When in a comic book store, sometimes the most exciting finds come from the small press/consignment sections. Last year, I picked up Dash Shaw’s 3 Stories, and that led to a binge reading of Dash Shaw graphic novels.
Consequently, with our arrival to a new city, I looked forward to what I would find in a new comic book store now that my beloved Hub Comics is so many miles away. After a few excursions through the small press section of Sunset Boulevard’s Meltdown Comics, we managed to dig out a couple of books from stacks of very pretty (and quite expensive) DIY comics with impeccable artwork but alas very little content. What makes small press DIY comics special is also what sometimes kills it: there are no rules.
As a result, these comics fall everywhere across the good to bad spectrum, with the good potentially being exceptional, the bad being remarkably so, and the mediocre being outrageously lukewarm. Thankfully, one of our selections fell on the good side of that aforementioned spectrum.
Motherlover: An Anthology contains four small works from Nic Breutzman and John and Luke Holden with elaborate coloring by Raighne Hogan. Each piece experiments with visual technique or storytelling forms, making Motherlover a fun, fast, and quite sinister read.
Hailing from Minnesota’s comic underground, the authors and artists of the Motherlover anthology fill their work with a darkness, vulgarity, and absurdity reminiscent of the glory days of San Francisco’s comic underground but progressed into the 21st century. The opening bit, Mood Ring sets the tone and pace of the adventure to come. Intentionally crudely drawn in an almost comic book Expressionist way, Mood Ring shows adolescent boys just being boys with a stolen mood ring. General indifference…check. Cursing…check. Reference to their hormonal state of hyper-sexuality…check. Mood Ring borders the obscene in its topic and in its shortness, but it certainly sets the mood with its punch-line type ending which transitions into the title card.
Photograph, the next story in line, opens with a stunning and ominous photograph of a man holding a skull at a gravesite on a snowy mountain. With this picture, we expect to hear a tale about a curse stemming from the picture or some ill fortune occurring to the man in it, but Breutzman surprises us and focuses on the process of creating a picture and the story of the people behind it. Photograph centers its narrative on the grandson of the man in the opening photograph attempting recreate a photo of Louise Bourgeois, and in the course of the day after the photo attempt, we find out the origin of the mysterious skull picture. Photograph, in few pages, explores why we take pictures in a state of boredom and how we come to reflect on those photos in the moments and years after.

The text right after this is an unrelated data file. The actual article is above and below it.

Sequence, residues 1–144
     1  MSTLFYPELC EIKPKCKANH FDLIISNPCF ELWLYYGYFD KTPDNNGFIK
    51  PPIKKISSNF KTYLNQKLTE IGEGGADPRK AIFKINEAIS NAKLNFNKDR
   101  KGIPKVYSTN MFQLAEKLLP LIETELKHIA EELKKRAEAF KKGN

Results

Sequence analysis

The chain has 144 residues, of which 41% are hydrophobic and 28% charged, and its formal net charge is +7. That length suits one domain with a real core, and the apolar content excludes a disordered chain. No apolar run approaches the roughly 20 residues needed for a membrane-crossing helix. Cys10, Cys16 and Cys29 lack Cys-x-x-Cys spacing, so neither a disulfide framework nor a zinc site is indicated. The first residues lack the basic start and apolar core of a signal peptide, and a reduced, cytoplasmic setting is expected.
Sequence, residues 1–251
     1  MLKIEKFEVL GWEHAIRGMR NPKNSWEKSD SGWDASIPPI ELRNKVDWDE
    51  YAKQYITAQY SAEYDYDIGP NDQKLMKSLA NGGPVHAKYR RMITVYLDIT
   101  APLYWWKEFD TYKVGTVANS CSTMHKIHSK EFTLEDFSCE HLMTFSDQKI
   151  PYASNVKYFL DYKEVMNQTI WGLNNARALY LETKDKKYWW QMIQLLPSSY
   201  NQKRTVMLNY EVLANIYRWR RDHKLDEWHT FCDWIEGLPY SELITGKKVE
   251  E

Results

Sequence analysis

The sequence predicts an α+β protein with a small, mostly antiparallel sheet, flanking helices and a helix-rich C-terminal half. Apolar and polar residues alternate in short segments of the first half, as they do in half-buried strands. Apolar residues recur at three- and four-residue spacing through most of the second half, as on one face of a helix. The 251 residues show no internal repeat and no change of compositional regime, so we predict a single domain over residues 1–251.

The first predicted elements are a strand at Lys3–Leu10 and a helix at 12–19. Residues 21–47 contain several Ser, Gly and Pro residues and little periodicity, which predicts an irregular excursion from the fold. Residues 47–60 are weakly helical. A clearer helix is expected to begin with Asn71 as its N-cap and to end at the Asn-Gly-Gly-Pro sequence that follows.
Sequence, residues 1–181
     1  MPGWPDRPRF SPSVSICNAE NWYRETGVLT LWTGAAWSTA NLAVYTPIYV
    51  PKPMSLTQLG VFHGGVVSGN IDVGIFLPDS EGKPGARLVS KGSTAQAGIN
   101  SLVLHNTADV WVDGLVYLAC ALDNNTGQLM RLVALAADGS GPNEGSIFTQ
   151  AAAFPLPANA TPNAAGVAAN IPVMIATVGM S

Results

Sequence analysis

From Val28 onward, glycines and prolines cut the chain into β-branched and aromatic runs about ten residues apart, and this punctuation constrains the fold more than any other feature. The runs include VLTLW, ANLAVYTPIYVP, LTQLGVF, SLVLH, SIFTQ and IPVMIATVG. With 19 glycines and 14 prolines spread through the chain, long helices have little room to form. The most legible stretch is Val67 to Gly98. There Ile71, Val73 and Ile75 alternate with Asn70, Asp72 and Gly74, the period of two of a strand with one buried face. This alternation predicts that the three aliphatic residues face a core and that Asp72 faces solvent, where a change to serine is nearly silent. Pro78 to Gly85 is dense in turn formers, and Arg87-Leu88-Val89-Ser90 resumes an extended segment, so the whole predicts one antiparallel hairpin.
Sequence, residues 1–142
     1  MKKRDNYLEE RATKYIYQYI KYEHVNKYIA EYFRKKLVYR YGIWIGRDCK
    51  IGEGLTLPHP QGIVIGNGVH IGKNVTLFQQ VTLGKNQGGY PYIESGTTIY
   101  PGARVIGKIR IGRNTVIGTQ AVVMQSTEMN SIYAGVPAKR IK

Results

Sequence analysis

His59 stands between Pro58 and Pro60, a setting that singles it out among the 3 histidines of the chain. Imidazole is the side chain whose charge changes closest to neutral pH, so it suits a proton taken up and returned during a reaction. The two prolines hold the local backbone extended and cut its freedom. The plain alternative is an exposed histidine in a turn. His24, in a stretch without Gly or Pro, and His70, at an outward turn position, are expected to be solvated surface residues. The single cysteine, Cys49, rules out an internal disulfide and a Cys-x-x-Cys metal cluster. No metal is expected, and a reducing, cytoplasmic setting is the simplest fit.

The Boys, the third in the book, stands out as the strongest story of the bunch. Styled with grotesque looking characters and almost ghost-like smears and splotches of purples, reds, and acid green, The Boys features the best of mix of discomfort, crudeness, and strangeness that makes Motherlover an entrancing read. The Boys explains the odd characters we encounter in life and each of their idiosyncrasies and how we come to interpret them when we are young and somewhat sheltered. The Boys is by far the most unsettling work of the book, but, despite its uncanniness, it captures a certain honesty about what an adolescent boy wants and sees in the imperfect world around him.
You Can’t Be Here closes off the anthology, and of the collection, and I must admit I really did not know what to make of it. After re-reading it a few times, I began to like it much more; I initially thought it was the weakest, but after a while I realized my initial reaction of dislike came from my surprise in its difference in visual style and storytelling; You Can’t Be Here is the most normal and traditional looking story in Motherlover, but it contains the most insight into nostalgia for a place called home. With a bits of humor stemming from the main character’s cluelessness in the world, Breutzman digs into that uncomfortable, aloof feeling you have when you realize you do not belong in the place you grew up, and you really do not belong in the place you always aimed to escape to. In few words and few pages, You Can’t Be Here captures the conflicted feelings of nostalgia and disassociation you have when you return to a familiar place because you do not really know where else to go.
Without any structure or formal guidelines to follow, Motherlover thrives. With the brevity of each story, you realize every image matters, every word matters, every bit of detail has an intention. Motherlover has no fatty excess on it; sure, there are plenty of moments of lewdness, but none of them exist just to be shocking, which is a critical feature to the ebb and flow of the full book. While reading the 72 pages of Motherlover, you’ll manage to feel a full range of emotions including horror, humor, regret, disgust, nostalgia, and befuddlement, all which lead to a final moment of contemplation and sobering to allow you to reflect on similar moments you may have had as an adolescent or young adult. Let’s just hope that your moments had fewer occasions of braless demon-like moms, adventures in digging up graves, and/or out in the open pooping.
Motherlover: An Anthology by Nicholas Breutzman and John and Luke Holden is available via 2D Comics.